CHARLESTON, W. Va. (WSAZ) – Soldiers were honored for their work following the summer storms that crippled West Virginia for weeks.
On Sunday, West Virginia Governor Earl Ray Tomblin was on hand at the National Guard base in Charleston to say thanks to those who put personal matters aside to do their jobs.
"Probably the worst disaster widespread that that I've seen in all the disasters I've been in," Sgt. Maj. Brian Combs said.
Immediately following the late-June derecho that knocked out power to nearly an entire state, the National Guard base in Charleston was bustling with activity.
"We got a lot of individuals who were out taking care of the rest of the citizens of the state while their families were at home fending for themselves," Maj. Gen. James Hoyer said.
Soldiers reported for duty to protect fellow West Virginians by working to keep people safe and alive.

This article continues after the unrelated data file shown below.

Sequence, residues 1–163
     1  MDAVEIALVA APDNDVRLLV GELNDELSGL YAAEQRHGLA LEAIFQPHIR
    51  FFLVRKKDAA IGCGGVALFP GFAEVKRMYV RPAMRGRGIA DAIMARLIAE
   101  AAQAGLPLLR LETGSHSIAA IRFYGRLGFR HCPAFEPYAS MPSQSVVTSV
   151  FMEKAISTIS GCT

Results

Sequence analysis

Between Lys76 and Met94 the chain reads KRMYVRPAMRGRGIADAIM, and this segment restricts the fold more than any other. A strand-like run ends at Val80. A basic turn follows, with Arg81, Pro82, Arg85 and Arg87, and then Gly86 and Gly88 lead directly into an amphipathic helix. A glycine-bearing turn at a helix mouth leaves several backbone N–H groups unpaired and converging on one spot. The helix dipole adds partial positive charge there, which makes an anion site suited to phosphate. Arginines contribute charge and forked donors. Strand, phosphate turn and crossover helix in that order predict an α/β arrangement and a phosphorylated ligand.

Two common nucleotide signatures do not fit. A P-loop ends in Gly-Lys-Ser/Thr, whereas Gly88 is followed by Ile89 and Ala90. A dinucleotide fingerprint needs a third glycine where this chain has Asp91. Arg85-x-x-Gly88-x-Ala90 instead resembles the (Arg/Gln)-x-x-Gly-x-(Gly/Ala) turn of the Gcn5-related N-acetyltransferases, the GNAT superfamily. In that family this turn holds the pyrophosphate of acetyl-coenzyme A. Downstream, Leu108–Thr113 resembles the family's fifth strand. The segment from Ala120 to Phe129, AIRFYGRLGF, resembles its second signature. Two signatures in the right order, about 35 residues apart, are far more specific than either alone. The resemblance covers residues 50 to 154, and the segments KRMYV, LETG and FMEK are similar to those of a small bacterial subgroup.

"The power outages were so widespread and a lot of life-support systems -- hospitals and stuff like that -- they used backup generators, generators were failing so there was a big demand for us to get the generators out into the field and to the hospitals to help support and sustain lives," Combs said.
But getting everyone ready to perform under dire circumstances starts with extensive training to handle any situation.
Major General Hoyer says more than three quarters of the state’s National Guard soldiers are either in college or technical trade school or have graduated from such.
"I think that combination of an educated National Guard who has done they're planning and they're preparation and has the tools that they need," Hoyer said. "That's what makes us successful as a state."
Helping hands and people helping people with Governor Earl Ray Tomblin saying a word of thanks to the hardworking members of the National Guard, who knew they had a job to do.
"I think it gives them kind of a comfort feeling that the Guard shows up and we're their to help support in any way we can," Combs said.